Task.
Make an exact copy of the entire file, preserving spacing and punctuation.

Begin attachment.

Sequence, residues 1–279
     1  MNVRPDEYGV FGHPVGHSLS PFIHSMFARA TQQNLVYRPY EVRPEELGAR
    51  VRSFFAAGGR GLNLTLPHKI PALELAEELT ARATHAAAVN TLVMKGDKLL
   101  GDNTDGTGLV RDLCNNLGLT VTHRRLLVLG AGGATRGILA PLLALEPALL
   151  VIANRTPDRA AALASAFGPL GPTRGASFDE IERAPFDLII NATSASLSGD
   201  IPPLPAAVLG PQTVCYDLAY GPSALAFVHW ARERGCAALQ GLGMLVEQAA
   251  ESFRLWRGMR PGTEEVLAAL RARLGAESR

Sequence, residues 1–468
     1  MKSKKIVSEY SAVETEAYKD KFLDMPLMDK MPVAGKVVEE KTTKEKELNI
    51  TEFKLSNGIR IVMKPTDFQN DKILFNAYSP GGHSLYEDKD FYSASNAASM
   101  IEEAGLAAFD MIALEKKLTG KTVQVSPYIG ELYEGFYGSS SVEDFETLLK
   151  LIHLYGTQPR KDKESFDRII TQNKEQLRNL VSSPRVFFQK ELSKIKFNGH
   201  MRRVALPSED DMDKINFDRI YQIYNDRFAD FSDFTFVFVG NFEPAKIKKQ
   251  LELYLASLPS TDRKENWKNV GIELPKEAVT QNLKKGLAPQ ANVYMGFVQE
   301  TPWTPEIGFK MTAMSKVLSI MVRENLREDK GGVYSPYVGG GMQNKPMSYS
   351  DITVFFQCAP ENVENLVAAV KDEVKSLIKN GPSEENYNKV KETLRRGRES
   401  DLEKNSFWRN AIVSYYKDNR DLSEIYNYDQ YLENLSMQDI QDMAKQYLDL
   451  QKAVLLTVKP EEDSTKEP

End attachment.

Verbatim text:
Sequence, residues 1–279
     1  MNVRPDEYGV FGHPVGHSLS PFIHSMFARA TQQNLVYRPY EVRPEELGAR
    51  VRSFFAAGGR GLNLTLPHKI PALELAEELT ARATHAAAVN TLVMKGDKLL
   101  GDNTDGTGLV RDLCNNLGLT VTHRRLLVLG AGGATRGILA PLLALEPALL
   151  VIANRTPDRA AALASAFGPL GPTRGASFDE IERAPFDLII NATSASLSGD
   201  IPPLPAAVLG PQTVCYDLAY GPSALAFVHW ARERGCAALQ GLGMLVEQAA
   251  ESFRLWRGMR PGTEEVLAAL RARLGAESR

Sequence, residues 1–468
     1  MKSKKIVSEY SAVETEAYKD KFLDMPLMDK MPVAGKVVEE KTTKEKELNI
    51  TEFKLSNGIR IVMKPTDFQN DKILFNAYSP GGHSLYEDKD FYSASNAASM
   101  IEEAGLAAFD MIALEKKLTG KTVQVSPYIG ELYEGFYGSS SVEDFETLLK
   151  LIHLYGTQPR KDKESFDRII TQNKEQLRNL VSSPRVFFQK ELSKIKFNGH
   201  MRRVALPSED DMDKINFDRI YQIYNDRFAD FSDFTFVFVG NFEPAKIKKQ
   251  LELYLASLPS TDRKENWKNV GIELPKEAVT QNLKKGLAPQ ANVYMGFVQE
   301  TPWTPEIGFK MTAMSKVLSI MVRENLREDK GGVYSPYVGG GMQNKPMSYS
   351  DITVFFQCAP ENVENLVAAV KDEVKSLIKN GPSEENYNKV KETLRRGRES
   401  DLEKNSFWRN AIVSYYKDNR DLSEIYNYDQ YLENLSMQDI QDMAKQYLDL
   451  QKAVLLTVKP EEDSTKEP